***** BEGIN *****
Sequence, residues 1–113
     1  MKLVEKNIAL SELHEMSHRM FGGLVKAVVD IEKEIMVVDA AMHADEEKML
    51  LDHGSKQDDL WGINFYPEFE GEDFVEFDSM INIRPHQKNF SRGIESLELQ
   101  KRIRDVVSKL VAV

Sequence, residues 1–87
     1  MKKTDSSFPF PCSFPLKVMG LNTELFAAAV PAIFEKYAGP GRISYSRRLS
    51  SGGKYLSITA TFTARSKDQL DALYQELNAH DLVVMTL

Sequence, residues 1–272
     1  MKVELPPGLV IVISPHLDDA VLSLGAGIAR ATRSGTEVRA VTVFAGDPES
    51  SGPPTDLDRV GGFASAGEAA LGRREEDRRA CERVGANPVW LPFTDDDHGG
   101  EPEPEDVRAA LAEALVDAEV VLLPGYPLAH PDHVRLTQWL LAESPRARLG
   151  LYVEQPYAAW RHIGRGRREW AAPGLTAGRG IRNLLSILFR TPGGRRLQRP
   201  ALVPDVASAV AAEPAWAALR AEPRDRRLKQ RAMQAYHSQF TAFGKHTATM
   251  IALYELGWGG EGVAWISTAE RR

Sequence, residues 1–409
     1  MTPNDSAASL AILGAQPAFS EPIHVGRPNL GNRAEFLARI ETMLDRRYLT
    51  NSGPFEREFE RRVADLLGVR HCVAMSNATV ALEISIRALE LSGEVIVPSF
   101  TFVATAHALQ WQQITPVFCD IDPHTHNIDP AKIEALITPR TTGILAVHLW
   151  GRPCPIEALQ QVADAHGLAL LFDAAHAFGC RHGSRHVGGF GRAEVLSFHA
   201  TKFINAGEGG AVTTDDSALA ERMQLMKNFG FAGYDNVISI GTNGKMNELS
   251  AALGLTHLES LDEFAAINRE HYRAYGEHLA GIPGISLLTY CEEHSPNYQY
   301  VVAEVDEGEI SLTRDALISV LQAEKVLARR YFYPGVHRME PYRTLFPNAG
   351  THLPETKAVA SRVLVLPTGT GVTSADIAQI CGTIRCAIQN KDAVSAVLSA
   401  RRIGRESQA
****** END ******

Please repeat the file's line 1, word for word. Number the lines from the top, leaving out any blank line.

Sequence, residues 1–113